1/3 of Americans don't use fast Internet

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According to the FCC, about 93 million Americans don’t use fast, broadband Internet, citing cost and complexity as a factor in their refusal to enter the 20th century.

The study, below, found that 80 million adults and 13 million children either still use dial-up or don’t use the Internet at all at home, suggesting that either the survey methodology might be flawed or we’re in serious trouble.

UPDATE – Also, one American doesn’t know how to use apostrophes. Fixed.

http://viewer.docstoc.com/
DOC-296442A1

Here’s the main focus:

The Federal Communications Commission’s October- November 2009 survey finds that nearly two-thirds (65 percent) of American adults use high-speed Internet con- nections to go online from home.
The FCC conducted a survey of 5,005 Americans in October and November 2009 in an effort to understand the state of broadband adoption and use, as well as barriers facing those who do not have broadband at home. The main findings are:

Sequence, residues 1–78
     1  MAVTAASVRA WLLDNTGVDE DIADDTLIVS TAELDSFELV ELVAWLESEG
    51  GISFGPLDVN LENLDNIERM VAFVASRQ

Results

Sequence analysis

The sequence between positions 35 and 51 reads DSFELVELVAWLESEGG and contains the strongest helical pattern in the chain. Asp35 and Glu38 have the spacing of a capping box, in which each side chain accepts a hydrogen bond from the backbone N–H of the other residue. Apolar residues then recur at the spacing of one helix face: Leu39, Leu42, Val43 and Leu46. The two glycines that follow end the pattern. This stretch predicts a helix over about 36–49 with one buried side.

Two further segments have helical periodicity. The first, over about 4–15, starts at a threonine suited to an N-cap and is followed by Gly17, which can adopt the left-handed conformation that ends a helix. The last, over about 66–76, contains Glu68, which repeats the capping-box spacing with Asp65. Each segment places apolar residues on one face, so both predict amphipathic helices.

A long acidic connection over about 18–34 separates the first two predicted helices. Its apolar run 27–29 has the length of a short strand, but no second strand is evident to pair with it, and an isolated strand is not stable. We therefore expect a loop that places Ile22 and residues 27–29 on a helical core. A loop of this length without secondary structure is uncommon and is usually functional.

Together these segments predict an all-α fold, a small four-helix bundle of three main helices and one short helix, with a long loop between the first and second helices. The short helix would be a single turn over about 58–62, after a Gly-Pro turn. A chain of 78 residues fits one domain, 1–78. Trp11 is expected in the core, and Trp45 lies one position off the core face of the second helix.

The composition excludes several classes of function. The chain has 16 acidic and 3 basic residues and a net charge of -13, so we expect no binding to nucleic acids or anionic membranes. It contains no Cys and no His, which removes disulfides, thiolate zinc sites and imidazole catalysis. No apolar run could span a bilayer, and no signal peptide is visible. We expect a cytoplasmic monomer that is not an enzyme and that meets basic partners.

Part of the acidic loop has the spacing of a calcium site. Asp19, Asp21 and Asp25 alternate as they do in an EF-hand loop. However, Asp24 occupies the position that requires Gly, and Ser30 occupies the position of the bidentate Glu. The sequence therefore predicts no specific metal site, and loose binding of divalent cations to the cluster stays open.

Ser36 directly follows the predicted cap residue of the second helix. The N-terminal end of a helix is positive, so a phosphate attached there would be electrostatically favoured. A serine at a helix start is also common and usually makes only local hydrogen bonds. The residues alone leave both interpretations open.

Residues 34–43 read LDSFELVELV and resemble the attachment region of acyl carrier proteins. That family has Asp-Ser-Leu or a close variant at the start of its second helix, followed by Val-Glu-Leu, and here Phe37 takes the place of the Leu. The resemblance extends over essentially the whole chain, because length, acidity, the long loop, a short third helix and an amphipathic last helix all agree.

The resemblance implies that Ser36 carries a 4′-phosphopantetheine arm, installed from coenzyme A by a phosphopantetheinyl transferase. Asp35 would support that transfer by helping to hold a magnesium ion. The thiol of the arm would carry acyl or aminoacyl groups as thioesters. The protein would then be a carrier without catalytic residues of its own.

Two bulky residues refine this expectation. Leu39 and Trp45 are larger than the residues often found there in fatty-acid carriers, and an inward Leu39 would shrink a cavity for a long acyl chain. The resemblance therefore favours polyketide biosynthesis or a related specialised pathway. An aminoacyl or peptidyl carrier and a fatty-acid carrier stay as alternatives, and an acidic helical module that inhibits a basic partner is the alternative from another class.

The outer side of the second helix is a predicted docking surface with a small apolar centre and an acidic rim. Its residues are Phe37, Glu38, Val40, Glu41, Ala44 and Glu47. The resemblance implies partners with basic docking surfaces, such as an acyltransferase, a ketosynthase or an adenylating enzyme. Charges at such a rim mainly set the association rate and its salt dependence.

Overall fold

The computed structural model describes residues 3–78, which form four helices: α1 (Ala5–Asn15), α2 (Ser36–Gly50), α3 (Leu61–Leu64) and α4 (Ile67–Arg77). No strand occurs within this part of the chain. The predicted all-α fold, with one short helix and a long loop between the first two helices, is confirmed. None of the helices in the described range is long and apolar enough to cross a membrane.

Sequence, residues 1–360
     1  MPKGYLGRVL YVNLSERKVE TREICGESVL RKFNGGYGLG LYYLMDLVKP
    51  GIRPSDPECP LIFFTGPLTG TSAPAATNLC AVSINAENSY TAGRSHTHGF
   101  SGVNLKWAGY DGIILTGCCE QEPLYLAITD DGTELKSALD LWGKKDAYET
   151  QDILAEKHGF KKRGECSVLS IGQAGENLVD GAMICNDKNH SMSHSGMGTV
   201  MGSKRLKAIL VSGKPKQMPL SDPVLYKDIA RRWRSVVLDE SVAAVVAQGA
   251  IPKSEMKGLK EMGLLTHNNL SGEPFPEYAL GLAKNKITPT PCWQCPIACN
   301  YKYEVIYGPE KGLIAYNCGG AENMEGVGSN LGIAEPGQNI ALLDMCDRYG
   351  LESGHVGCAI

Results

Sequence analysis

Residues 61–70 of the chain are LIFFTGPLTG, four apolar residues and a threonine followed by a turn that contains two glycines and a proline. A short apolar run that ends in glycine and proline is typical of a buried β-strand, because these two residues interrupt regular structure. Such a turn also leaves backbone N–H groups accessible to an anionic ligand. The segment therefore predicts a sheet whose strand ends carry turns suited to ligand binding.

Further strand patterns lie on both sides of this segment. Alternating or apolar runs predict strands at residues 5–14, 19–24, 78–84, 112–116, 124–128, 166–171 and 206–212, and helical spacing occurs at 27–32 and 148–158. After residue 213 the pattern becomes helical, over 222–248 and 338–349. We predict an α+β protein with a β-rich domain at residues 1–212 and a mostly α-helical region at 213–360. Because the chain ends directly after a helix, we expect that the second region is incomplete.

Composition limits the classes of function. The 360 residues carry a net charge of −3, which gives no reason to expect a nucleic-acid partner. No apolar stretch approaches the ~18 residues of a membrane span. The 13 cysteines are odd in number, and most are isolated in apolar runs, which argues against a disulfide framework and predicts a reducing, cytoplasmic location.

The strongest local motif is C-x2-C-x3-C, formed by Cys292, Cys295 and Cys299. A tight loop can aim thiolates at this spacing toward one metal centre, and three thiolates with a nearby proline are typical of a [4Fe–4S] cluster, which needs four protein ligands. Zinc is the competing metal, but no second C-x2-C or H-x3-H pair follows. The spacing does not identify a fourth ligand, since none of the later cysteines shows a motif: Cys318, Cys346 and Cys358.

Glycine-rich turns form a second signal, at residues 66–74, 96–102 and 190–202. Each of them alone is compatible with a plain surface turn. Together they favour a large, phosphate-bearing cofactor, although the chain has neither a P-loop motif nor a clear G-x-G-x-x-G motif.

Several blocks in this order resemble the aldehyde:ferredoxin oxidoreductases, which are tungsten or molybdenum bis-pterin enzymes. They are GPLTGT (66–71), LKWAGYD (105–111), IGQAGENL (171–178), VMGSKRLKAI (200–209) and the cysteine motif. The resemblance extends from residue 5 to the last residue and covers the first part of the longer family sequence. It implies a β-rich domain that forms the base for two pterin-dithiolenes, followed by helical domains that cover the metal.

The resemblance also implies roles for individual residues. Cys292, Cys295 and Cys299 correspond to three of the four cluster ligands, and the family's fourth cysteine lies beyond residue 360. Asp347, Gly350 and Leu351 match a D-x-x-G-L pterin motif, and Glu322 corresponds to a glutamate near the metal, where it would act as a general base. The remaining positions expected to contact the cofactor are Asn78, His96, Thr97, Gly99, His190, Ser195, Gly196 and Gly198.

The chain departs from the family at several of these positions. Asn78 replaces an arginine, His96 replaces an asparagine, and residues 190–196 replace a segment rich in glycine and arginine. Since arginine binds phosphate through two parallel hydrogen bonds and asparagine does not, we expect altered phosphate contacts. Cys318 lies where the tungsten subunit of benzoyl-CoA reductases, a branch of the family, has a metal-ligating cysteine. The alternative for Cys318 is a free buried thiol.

➤ 78 percent of adults are Internet users, whether that means broadband, dial-up, access from home or access from someplace other than home.
➤ 74 percent of adults have access at home. ➤ 67 percent of U.S. households contain a broadband user
who accesses the service at home. ➤ 65 percent of adults are broadband adopters. The dis-
crepancy of two percentage points between household and individual home use is because some survey respon- dents are nonbroadband users but live with someone who, at home, is.
➤ 6 percent of Americans use dial-up Internet connections as their main form of home access.
➤ 6 percent are Internet users but do not use it from home; they access the Internet from places such as work, the library or community centers.

In a survey of 5,005 Americans – a fairly small sample, to be sure – found that college educated Americans earning $75K+ are most likely to have broadband while the lowest penetration is in folks over 65+ and Hispanics. While this is hardly a surprise, extrapolating out to get 93 million potential non-broadband users is slightly disconcerting. Sure, the jokes here write themselves (“Oh no! The old can’t use Facebook!”), the fact that broadband is out of reach for folks in lower-income brackets and for minorities creates another educational chasm we’re going to have to deal with sooner than later.

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